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Gabriel Pomerand, Saint Ghetto of the Loans
(World Poetry Books, 2023). Translated by Michael Kasper and Bhamati Viswanathan
Cover of Saint Ghetto des Prêts, original edition.
Gabriel Pomerand’s 1950 publication, Saint Ghetto des Prêts, just issued by World Poetry Books in a new edition as Saint Ghetto of the Loans, is one of the most systematic and sustained “metagraphic” works of the 20th century avant-garde. The original book consisted of a series of poems set next to the author’s graphic “translations” in visual signs and glyphs. Baffling at first sight, the graphics literally present the poems in puns and rebus-like sound-image connections. The easiest way to this relation is to read the French verses out loud, tracking the parallel structures of sound and graphic device. The visual renderings call attention to the poems as writing whose code—letters—is usually ignored. Here the letters are reinvented, mostly augmented or replaced with visual signs meant to be pronounced. The Lettrists saw themselves as researchers into the study of signs, and Pomerand’s book was the outcome of an extensive effort at compiling a rich graphic inventory.
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The poems in Saint Ghetto present a portrait of the quarter, Saint Germain des Prés, which in the post-War period in which Pomerand was writing, was the site of a rich literary scene. Jean-Paul Sartre, Boris Vian, Jean Cocteau and Isidore Isou, among others, flicker through these pages, each coming in for sometimes scathing or irreverent depiction in Pomerand’s text. This is a world of prostitutes, drugs, sex, exploitation and opportunism, not a romantic literary feast. Strains of the Comte de Lautréamont’s Chants de Maldoror, Charles Baudelaire’s themes of spleen and ideal, and François Villon’s criminal behaviors, weave through Pomerand’s updated and unexpurgated slang-ridden poetics. He uses the vocabulary of bodily functions, references to the under-belly of urban life, and dark domains of the psyche. These are not polite works, far from it, and they are redolent with paranoia, suggestions of the criminal life, a slightly sordid Bohemianism and other unsavory themes.
The graphics are what make this such a remarkable work (rather than the texts, which are perhaps a bit slight). As translator/scholar Michael Kasper makes clear in his useful, succinct, afterword, Pomerand’s graphics have a systematic structure. In the first page layouts they are quite linear, making use of that vast inventory culled from many sources—magical, alchemical, kabbalistic, and popular forms of sign language, information graphics, cartoons, and every other imaginable source. Hebrew letters and references to Pomerand’s Jewish identity are visibly present. Kasper points out that the first pages of graphic renderings even preserve the poems’ punctuation to help the reader correlate the verbal text with the visual sentence by sentence. As the work progresses, the graphics become more animated and large patterns or figures break through the linear organization in dramatic gestures that structure the pages in bold black and white designs. But the graphic-phonic translation is sustained throughout. The graphics are literally translations of the texts.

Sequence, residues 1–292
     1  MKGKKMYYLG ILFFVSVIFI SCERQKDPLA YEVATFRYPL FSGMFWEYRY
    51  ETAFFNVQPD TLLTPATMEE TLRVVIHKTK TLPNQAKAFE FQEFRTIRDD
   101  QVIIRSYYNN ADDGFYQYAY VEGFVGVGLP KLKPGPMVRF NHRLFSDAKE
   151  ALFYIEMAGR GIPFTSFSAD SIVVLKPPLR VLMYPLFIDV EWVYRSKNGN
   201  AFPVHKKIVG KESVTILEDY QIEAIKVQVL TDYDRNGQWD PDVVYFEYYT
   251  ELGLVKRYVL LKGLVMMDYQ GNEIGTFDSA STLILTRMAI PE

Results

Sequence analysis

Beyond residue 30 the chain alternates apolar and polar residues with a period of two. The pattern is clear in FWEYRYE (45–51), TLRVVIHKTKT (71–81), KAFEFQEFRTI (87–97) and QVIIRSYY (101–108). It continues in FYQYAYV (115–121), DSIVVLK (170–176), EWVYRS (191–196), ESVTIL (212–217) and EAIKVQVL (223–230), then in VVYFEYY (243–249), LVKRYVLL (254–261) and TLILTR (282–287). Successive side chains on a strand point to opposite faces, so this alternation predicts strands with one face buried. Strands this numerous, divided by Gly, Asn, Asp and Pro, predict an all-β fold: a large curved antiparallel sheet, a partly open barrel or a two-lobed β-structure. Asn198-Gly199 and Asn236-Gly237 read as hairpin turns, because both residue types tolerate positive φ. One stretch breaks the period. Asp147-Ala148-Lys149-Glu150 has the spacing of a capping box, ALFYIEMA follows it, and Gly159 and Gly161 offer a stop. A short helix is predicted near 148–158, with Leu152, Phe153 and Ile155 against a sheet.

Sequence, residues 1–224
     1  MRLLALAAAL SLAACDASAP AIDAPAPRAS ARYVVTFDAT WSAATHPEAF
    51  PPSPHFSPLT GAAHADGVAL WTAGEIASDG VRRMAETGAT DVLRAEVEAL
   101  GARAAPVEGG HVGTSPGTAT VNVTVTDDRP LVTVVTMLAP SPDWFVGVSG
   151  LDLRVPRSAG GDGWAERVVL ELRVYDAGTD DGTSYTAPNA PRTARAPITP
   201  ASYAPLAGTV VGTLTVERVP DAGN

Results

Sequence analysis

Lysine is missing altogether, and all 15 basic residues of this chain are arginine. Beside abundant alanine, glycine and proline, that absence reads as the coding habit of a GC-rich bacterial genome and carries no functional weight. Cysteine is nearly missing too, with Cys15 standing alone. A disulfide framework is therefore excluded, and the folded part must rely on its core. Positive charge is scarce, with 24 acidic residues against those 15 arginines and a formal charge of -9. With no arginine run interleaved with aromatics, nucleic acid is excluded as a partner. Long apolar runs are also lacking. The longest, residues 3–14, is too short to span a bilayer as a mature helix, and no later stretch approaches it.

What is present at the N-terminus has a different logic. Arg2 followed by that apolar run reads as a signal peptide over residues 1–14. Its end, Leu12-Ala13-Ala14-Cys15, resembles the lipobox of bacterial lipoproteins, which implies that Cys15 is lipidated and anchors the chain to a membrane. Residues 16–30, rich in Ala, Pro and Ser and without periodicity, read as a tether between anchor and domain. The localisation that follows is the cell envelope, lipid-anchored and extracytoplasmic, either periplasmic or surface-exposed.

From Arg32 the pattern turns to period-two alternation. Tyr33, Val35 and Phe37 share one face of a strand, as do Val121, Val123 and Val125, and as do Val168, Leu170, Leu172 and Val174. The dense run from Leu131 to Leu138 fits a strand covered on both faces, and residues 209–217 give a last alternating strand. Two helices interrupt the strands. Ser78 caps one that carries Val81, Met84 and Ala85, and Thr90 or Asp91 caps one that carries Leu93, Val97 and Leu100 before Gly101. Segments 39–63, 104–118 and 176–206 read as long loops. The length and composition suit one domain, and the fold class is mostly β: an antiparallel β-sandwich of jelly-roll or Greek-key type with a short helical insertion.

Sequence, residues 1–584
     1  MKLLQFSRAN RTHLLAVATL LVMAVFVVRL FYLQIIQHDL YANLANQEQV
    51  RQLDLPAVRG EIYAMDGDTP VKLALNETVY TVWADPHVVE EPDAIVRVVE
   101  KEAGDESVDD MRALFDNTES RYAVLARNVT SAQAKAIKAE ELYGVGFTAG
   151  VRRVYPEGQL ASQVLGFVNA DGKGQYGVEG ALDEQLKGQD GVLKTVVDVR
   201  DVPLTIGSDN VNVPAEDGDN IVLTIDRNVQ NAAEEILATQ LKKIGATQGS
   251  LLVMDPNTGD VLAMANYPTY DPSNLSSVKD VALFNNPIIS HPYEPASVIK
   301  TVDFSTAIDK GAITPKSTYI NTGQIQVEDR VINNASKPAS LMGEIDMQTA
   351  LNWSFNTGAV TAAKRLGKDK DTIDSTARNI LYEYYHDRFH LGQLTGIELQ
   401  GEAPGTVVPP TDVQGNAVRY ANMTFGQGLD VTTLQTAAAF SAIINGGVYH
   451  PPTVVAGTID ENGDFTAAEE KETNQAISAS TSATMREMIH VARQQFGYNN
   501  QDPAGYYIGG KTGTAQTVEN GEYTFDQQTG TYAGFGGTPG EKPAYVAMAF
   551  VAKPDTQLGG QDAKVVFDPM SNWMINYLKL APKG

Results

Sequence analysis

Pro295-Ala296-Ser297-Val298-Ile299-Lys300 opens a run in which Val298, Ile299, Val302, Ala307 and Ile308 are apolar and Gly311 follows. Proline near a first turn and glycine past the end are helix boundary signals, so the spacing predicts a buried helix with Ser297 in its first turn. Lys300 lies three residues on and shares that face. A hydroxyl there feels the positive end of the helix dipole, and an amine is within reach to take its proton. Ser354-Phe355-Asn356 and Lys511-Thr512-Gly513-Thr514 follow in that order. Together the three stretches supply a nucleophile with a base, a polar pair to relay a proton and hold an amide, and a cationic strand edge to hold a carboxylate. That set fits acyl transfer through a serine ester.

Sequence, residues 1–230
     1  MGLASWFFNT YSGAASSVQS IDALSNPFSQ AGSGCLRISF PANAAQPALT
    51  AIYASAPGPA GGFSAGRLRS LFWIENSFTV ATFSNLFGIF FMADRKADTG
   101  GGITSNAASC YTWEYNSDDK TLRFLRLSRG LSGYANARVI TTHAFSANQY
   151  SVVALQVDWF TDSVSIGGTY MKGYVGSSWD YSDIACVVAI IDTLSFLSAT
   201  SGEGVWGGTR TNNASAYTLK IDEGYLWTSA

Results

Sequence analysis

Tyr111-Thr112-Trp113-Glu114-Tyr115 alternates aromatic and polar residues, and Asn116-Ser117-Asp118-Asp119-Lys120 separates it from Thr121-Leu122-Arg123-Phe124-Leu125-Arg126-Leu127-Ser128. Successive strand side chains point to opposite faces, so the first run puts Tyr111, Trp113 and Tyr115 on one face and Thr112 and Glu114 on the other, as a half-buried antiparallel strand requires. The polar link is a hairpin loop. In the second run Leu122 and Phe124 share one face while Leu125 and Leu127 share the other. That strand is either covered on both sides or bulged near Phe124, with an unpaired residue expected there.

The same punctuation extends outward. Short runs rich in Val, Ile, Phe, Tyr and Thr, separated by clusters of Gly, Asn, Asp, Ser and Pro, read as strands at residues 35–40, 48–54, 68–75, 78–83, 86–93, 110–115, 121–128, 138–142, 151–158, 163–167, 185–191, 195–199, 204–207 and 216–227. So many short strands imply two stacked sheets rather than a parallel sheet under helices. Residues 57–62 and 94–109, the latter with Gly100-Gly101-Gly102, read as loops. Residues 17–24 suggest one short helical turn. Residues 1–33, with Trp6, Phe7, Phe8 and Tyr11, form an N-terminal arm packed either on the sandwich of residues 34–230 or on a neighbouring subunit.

Metagraphic and accompanying poem text. By permission, World Poetry Books.
“Metagraphy” was the term Pomerand adopted for this practice, used to “model the figurative essence of creation.” Pomerand, who acknowledged his debt to the ideas of the founding figure of Lettrism, Isidore Isou, says he was determined “to replace a debased, dried up symbolism—that of words—with a new symbolism, torn from the flesh of acquired ideas.” The work was radically inventive, deliberately aimed at producing a new graphical-poetics as a critique of what he saw as the exhausted condition of modern verse. Hubris and ambition were never in short supply among the Lettrists. They strove for nothing short of a completely new foundation for poetry that claimed to eliminate semantics through the use of symbols and compositions produced at the level of the letter. This poses a challenge for reading, even with a knowledge of French, since the meanings of the graphic signs are not always obvious.
This book, originally issued in a somewhat larger format and including a “special” print run of 40 copies on fine paper, is a singular accomplishment. Though the prolific outpouring of Lettrist works included some other examples of sustained graphic notation—Isou’s Journal of the Gods and Maurice Lemaître’s Canailles (Scoundrels), also both published in 1950—much of the visual work of the group was done in paintings, in film, or other graphics. The sustained systematicity of Pomerand’s metagraphic translation is remarkable. Having the work available again provides an opportunity to revisit its idiosyncratic attributes and graphic imagination. As the book’s blurbs and other commentaries make clear, I am not the only person to accord Saint Ghetto cult status as a lost and unique literary work.
Kasper and Viswanathan’s English translations are crisp and sharp in tone, their economy underscoring the acerbic feel of the poems. In Kasper’s notes he points out that the correlation between text and graphics through puns and semantic rhymes cannot be preserved in English translation. A foot designating the French word “pas” for “step” or for the negative “not” in “ne pas” has no easy equivalent in English where the sound connection is lost. So be it. The three-part presentation of original text, graphics, and translation none-the-less provides a solid basis for reading/viewing and puzzling out the metagraphic work.